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Monday, January 30, 2006

Courts - Political Spotlight Shines on Judicial Ethics

"Political Spotlight Shines on Judicial Ethics" is the headline to a column by Legal Times' writer Tony Mauro. The lengthy article begins:

Disputes over conflicts of interest. Reports of a junket to a Colorado resort. The prospect of ever more partisan and expensive elections. Last week was quite a week in the life of the judiciary.
The article looks at several different issues, including this one:
On another front in the judicial ethics battle, the Supreme Court let stand an 8th Circuit appeals court ruling that invalidated judicial canons in Minnesota that bar judicial candidates from declaring their party affiliations and individually soliciting campaign funds. The Court was expected to take up the case, and by not doing so, critics say it will hasten the day when judicial elections are indistinguishable from other rancorous, costly campaigns.

"I feel like we are going back to the 19th century, where judges were an active part of the political arena, except judges have a lot more power now," says former Texas Supreme Court Chief Justice Thomas Phillips, now a partner in the Austin office of Baker Botts. Phillips was referring to the Court's action denying review in the Minnesota case, in which he represented the Minnesota Board on Judicial Standards in its effort to resurrect the ethics rules.

"It means a judicial candidate can go up and say to someone, 'I'm dead set against abortion, I'm a loyal Republican, can you write me a check?'" says Northwestern University School of Law Professor Steven Lubet. "We're involved in a race to the bottom in state judicial elections. It's a phenomenal mess."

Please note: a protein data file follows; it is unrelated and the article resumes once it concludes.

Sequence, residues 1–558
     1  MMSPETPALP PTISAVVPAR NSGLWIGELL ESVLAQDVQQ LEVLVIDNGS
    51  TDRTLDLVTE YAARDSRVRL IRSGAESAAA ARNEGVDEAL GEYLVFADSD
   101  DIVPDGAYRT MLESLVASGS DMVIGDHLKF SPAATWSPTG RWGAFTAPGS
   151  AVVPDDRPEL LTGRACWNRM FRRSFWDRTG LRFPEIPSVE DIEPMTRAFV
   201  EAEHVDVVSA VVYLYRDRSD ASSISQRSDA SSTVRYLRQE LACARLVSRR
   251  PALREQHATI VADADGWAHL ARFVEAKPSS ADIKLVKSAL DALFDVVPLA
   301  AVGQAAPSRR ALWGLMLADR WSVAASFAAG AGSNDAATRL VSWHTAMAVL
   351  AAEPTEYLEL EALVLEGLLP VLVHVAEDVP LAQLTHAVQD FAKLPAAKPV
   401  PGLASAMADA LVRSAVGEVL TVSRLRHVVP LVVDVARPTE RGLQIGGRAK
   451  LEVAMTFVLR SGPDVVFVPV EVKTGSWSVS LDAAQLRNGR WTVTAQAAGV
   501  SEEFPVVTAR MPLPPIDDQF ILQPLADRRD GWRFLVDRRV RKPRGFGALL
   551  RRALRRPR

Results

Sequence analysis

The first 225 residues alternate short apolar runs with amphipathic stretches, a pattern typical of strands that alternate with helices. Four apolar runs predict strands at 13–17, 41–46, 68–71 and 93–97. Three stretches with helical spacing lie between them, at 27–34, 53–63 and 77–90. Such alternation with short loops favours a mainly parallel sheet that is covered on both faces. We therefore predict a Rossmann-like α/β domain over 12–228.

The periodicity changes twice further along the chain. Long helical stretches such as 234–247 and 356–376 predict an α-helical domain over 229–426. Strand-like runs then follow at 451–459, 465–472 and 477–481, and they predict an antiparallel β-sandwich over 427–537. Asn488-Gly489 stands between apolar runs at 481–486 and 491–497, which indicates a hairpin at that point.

The disarray on several ethics fronts is already having an effect. An American Bar Association commission tasked with revising its influential model code of judicial conduct may have to pull back its proposed Canon 5, which would bar exactly the kind of judicial politicking the 8th Circuit ruling now permits. A hearing on the proposals is set for the ABA's meeting in Chicago on Feb. 11.

"I don't have a high degree of confidence that we are proposing a code that is constitutional," says Jan Baran, a partner in D.C.'s Wiley Rein & Fielding and a member of the commission.

The denial of review in Dimick vs. Republican Party of Minnesota is discussed in this ILB entry from Jan. 24th.

Posted by Marcia Oddi on January 30, 2006 08:49 AM
Posted to Indiana Courts